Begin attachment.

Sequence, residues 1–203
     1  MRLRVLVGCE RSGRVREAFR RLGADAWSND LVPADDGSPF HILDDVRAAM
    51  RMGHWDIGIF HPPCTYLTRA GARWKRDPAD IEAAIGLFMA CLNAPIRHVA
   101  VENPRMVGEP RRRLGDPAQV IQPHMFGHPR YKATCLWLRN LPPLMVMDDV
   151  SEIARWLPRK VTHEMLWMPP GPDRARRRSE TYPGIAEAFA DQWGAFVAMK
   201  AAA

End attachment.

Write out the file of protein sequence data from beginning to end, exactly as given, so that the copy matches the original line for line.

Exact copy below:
Sequence, residues 1–203
     1  MRLRVLVGCE RSGRVREAFR RLGADAWSND LVPADDGSPF HILDDVRAAM
    51  RMGHWDIGIF HPPCTYLTRA GARWKRDPAD IEAAIGLFMA CLNAPIRHVA
   101  VENPRMVGEP RRRLGDPAQV IQPHMFGHPR YKATCLWLRN LPPLMVMDDV
   151  SEIARWLPRK VTHEMLWMPP GPDRARRRSE TYPGIAEAFA DQWGAFVAMK
   201  AAA